Initially there were two versions of “Rosie.”  The first had the title “Dirty Eyes” which was issued in 1997 as part of the Bonfire boxed set.  But it was this version that came up with the required brimstone when it mattered.

In addition to the band’s thunderous new sound and perhaps in recognition of their growing popularity, mystique and mythology, Rosie is one of several actual characters (not too surprisingly all women) that emerged in Bon Scott’s lyrics for the first time in addition to his usual hard-won street wisdom.  The services of Ruby Lips for example are immortalized in “Go Down” which no doubt raised her local social standing on 21 March when Let There Be Rock was unleashed in Australia.

It was another three months before the album was released in America on 23 June but its rough, road-ready sound and stinging guitar attack made it perfect fodder for the band’s first American conquest.  Four more months passed before Let The Be Rock was released in the UK on 7 October where it would be AC/DC’s first UK charting album with a peak position of Number 75 and like America a hugely powerful tool with which to further their very, very, very loud cause.

The UK release came during a year which saw the emergence of the debut albums of all punk’s major players, each desperate allegedly to save rock ‘n’ roll from the boring old guard.  The fact is none of them came close to touching the flame and the spirit as powerfully and as honestly as Let There Be Rock.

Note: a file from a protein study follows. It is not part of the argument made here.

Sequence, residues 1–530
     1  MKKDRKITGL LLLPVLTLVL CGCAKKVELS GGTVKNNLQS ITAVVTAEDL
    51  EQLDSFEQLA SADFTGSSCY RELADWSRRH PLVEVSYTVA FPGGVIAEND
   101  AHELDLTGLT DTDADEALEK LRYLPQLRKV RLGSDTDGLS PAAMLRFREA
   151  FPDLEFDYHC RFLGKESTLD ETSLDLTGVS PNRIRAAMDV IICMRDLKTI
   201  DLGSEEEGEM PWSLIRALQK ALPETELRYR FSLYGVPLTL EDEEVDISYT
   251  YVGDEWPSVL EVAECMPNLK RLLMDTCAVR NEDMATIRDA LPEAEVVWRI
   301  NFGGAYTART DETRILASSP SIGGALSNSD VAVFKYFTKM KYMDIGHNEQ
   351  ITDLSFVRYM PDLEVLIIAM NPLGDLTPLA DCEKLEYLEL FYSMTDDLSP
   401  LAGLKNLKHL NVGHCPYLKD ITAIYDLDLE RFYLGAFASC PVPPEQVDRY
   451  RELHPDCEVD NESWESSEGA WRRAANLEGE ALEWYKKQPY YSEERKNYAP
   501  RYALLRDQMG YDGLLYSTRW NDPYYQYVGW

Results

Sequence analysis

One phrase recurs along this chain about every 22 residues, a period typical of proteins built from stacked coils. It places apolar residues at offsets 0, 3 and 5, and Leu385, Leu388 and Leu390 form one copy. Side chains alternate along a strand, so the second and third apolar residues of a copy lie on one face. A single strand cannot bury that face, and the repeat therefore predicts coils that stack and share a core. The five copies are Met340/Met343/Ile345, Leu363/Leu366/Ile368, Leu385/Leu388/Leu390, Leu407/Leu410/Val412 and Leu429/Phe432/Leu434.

Let There Be Rock was the brooding sound of AC/DC putting the world and particularly their critics on notice that their march had really begun, that they were as serious as a cardiac condition with a megaton of amplification.  It simply wasn’t possible to make more exciting rock ‘n’ roll.  Twenty six years on that’s still the case beyond any reasonable doubt.

– Murray Engleheart










All Compositions by A. Young, M. Young & B. Scott
All Titles Published by J. Albert & Son (USA) Inc. (ASCAP)

Malcolm Young, Guitar
Angus Young, Guitar
Bon Scott, Vocals
Phil Rudd, Drums
Mark Evans, Bass

Produced By Vanda And Young
for Albert Productions at Albert Studios, Sydney Jan./Feb. ‘77

Originally Released as Atco 36151 on June 23, 1977

Digitally Remastered from the original master tapes by George Marino at Sterling Sound

Mastering Supervision: Mike Fraser and Al Quaglieri

Digital Assembly: UE Nastasi

Original Album Art Direction: Bob Defrin

Reissue Booklet Design: SMAY Vision

Photography: back of digipak: (from original LP);
Bob Gruen/Starfile: inside digipak (left);
Jonathan Postal: inside digipak (right), pages 2-6, 9 (right), 10 (bottom), 12-15;
Chuck Pulin/Starfile: pages 8, 9 (left);
Photofest: page 10

Additional artifacts courtesy Albert Productions and Arnaud Durieux.

This CD takes advantage of ConnecteD technology and will work as a key to unlock exclusive bonus music, videos, photos and more at www.acdcrocks.com





© 1977, 2003 J. Albert & Son (Pty.) Ltd./ (P) 1977 J. Albert & Son (Pty.) Ltd./ Manufactured by Columbia Records, A Division of Sony Music/ 550 Madison Avenue, New York, NY 10022-3211/ “Columbia” Reg. U.S. Pat. & Tm. Off. Marca Registrada/ WARNING: All Rights Reserved. Unauthorized duplication is a violation of applicable laws.

EPIC EK 80203

This package consists of previously released material.